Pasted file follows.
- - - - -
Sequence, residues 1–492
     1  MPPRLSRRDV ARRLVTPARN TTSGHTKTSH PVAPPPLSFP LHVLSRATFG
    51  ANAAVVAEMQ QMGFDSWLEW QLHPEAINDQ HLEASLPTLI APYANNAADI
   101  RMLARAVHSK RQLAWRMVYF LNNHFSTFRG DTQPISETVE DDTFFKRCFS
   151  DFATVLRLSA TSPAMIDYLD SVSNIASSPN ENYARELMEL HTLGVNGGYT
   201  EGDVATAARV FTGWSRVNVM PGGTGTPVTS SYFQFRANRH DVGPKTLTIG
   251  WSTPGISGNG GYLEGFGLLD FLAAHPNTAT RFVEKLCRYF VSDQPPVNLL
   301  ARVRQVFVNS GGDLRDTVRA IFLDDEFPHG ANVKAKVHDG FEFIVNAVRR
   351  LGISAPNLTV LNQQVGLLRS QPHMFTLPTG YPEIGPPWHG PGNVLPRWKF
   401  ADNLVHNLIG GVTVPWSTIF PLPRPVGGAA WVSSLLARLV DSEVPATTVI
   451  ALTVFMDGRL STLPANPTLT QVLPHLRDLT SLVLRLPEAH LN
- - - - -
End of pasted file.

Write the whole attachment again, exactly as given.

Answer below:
Sequence, residues 1–492
     1  MPPRLSRRDV ARRLVTPARN TTSGHTKTSH PVAPPPLSFP LHVLSRATFG
    51  ANAAVVAEMQ QMGFDSWLEW QLHPEAINDQ HLEASLPTLI APYANNAADI
   101  RMLARAVHSK RQLAWRMVYF LNNHFSTFRG DTQPISETVE DDTFFKRCFS
   151  DFATVLRLSA TSPAMIDYLD SVSNIASSPN ENYARELMEL HTLGVNGGYT
   201  EGDVATAARV FTGWSRVNVM PGGTGTPVTS SYFQFRANRH DVGPKTLTIG
   251  WSTPGISGNG GYLEGFGLLD FLAAHPNTAT RFVEKLCRYF VSDQPPVNLL
   301  ARVRQVFVNS GGDLRDTVRA IFLDDEFPHG ANVKAKVHDG FEFIVNAVRR
   351  LGISAPNLTV LNQQVGLLRS QPHMFTLPTG YPEIGPPWHG PGNVLPRWKF
   401  ADNLVHNLIG GVTVPWSTIF PLPRPVGGAA WVSSLLARLV DSEVPATTVI
   451  ALTVFMDGRL STLPANPTLT QVLPHLRDLT SLVLRLPEAH LN